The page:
* Taking part in the 3rd Independent Review of the AODA’s implementation and enforcement, which must complete its work and submit its final report by early February 2019.


* How we can raise disability accessibility issues in this fall’s upcoming local municipal and school board elections.


* How we can press the Federal Government to introduce and pass a strong national accessibility law, as it has promised to do.


We welcome your feedback on our efforts during this election, and your suggestions for working together with you on those priority areas that we have just listed.


At this Update’s end you will find links to helpful information about our ongoing efforts on disability accessibility, and a button for unsubscribing from these Updates.



May 15, 2018 Letter to the AODA Alliance from Progressive Conservative Party Leader Doug Ford



May 15, 2018


David Lepofsky, Chair
Accessibility for Ontarians with Disabilities Act Alliance (AODA Alliance)


Dear David,

The Ontario PC Party is pleased to respond to the AODA Alliance’s survey for the 2018 Ontario election. Our team is focused on providing a clear alternative to voters. After 15 years of high taxes and government mismanagement under the Wynne Liberals, the people of Ontario are ready for change.

Your issues are close to the hearts of our Ontario PC Caucus and Candidates, which is why they will play an outstanding role in shaping policy for the Ontario PC Party to assist Ontarians in need.


Too many Ontarians with disabilities still face barriers when they try to get a job, ride public transit, get an education, use our healthcare system, buy goods or services, or eat in restaurants.

Whether addressing standards for public housing, health care, employment or education, our goal when passing the AODA in 2005 was to help remove the barriers that prevent people with disabilities from participating more fully in their communities.

For the Ontario PCs, this remains our goal. Making Ontario fully accessible by 2025 is an important goal under the AODA and it’s one that would be taken seriously by an Ontario PC government.


Christine Elliott, our former Health Critic and Deputy Leader, has been a tireless advocate for Ontarians with disabilities. Ms. Elliott called to establish the Select Committee on Developmental Services, with a mandate to develop a comprehensive developmental services strategy for children, youth and adults in Ontario with an intellectual disability or who are dually diagnosed with an intellectual disability and a mental illness.

When it comes to people with disabilities, we have a moral and an economic responsibility to focus on their abilities and not just on what holds them back. Our family members, friends and neighbours who have a disability of some kind are a wellspring of talent and determination.

There’s no good reason why a person with a disability should not be able to cast a vote in an election. It’s also completely unacceptable that someone should be passed over for a job because of the myth that people with disabilities can’t do the work. We have a moral and social responsibility to change this.

This is why we’re disappointed the current government has not kept its promise with respect to accessibility standards. An Ontario PC government is committed to working with the AODA Alliance to address implementation and enforcement issues when it comes to these standards.

Ontario needs a clear strategy to address AODA standards and the Ontario Building Code’s accessibility provisions. We need Ontario’s design professionals, such as architects, to receive substantially improved professional training on disability and accessibility.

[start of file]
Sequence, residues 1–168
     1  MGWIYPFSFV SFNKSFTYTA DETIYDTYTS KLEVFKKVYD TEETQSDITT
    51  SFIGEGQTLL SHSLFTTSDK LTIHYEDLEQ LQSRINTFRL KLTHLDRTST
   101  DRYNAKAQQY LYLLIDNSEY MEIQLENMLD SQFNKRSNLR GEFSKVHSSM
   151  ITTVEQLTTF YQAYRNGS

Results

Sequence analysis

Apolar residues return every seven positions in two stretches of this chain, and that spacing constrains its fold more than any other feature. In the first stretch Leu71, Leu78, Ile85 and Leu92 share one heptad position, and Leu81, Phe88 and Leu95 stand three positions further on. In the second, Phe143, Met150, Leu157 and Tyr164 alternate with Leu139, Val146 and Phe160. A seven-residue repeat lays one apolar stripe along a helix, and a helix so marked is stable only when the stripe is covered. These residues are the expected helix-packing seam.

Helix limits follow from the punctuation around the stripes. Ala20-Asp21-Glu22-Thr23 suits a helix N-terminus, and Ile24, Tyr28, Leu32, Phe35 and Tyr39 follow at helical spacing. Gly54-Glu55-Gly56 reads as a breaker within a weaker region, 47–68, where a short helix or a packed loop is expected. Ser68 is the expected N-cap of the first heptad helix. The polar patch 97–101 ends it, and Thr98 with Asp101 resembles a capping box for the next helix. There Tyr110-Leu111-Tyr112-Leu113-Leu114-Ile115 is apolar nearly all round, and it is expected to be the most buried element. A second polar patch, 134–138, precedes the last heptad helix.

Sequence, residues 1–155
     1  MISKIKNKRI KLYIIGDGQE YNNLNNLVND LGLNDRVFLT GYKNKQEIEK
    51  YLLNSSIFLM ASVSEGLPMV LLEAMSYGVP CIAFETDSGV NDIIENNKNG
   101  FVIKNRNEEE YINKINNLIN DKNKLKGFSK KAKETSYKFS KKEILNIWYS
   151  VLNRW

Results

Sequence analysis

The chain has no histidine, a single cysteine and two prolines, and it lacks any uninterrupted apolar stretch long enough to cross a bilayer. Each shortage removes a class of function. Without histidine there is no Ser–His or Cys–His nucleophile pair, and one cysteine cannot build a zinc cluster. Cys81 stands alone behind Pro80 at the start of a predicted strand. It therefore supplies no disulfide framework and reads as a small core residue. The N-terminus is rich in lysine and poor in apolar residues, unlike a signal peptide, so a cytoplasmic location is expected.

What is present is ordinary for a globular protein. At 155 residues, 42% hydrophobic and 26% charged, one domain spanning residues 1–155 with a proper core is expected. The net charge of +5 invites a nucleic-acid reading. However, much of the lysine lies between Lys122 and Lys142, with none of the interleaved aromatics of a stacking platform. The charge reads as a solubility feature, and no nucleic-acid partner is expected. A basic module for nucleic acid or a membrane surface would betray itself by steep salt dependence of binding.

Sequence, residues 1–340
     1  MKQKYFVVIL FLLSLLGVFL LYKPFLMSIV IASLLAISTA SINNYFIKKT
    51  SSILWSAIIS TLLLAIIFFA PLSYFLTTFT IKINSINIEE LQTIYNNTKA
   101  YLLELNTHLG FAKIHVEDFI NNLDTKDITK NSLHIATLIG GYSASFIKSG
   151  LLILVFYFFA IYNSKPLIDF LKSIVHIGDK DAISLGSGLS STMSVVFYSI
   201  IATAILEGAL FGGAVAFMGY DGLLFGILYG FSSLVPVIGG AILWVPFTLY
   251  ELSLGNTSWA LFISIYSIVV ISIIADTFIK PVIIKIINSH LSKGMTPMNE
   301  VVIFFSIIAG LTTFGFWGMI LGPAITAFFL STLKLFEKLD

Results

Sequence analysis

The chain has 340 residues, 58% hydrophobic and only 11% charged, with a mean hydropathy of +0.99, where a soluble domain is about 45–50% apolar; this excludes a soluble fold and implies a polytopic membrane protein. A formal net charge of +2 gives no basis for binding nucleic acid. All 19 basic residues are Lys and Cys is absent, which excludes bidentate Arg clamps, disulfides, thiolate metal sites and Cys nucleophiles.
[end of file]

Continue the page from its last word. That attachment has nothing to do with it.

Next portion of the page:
The Ontario PC Party believes our education system must minimize barriers for students with disabilities, providing the skills, opportunities and connections with the business community that are necessary to enter the workforce.

Building a strong, open dialogue with your organization is most certainly a priority for our party. We encourage you to continue this dialogue and share your ideas and solutions for Ontarians with disabilities.

When I am elected Premier on June 7th, I promise I will focus on investing in the priorities that matter most to the people of Ontario. Jobs and economic development will be a key focus, and Ontario will be open for business again.

In the coming weeks, our team will be releasing our platform of policies and priorities and a clear vision for a prosperous Ontario.

If you have any further questions please feel free to reach out at any time.


Doug Ford

Leader, Ontario PC Party


 More Information About the AODA Alliance and Accessibility Issues in the 2018 Ontario Election


Please take steps to ensure you can receive our AODA Alliance Updates. Put in your contact list. Check your spam filter so it does not treat our emails from that new email address as spam.


To unsubscribe from Accessibility for Ontarians with Disabilities Act Alliance Updates, click on the “unsubscribe” button at the end of all our Updates that we email to you.


To watch the new AODA Alliance video on serious accessibility problems at new and recently renovated Toronto area public transit stations, visit:


2 minute teaser/promo:


16-minute version:


30-minute version:


To read the AODA Alliance’s May 16, 2018 news release that unveiled the commitments on disability accessibility from the major Ontario parties, visit:


You can always send your feedback to us on any AODA and accessibility issue at


Have you taken part in our “Picture Our Barriers campaign? If not, please join in! You can get all the information you need about our “Picture Our Barriers” campaign by visiting


We encourage you to use the Government’s toll-free number for reporting AODA violations. We fought long and hard to get the Government to promise this, and later to deliver on that promise. If you encounter any accessibility problems at any large retail establishments, it will be especially important to report them to the Government via that toll-free number. Call 1-866-515-2025.


Please pass on our email Updates to your family and friends.


Check out our new and expanded collection of online videos about the history, strategies and accomplishments of Ontario’s non-partisan grassroots accessibility campaign, available at:


Why not subscribe to the AODA Alliance’s YouTube channel, so you can get immediate alerts when we post new videos on our accessibility campaign.


Please “like” our Facebook page and share our updates:
Follow us on Twitter. Get others to follow us. And please re-tweet our tweets!! @AODAAlliance


Learn all about our campaign for a fully accessible Ontario by visiting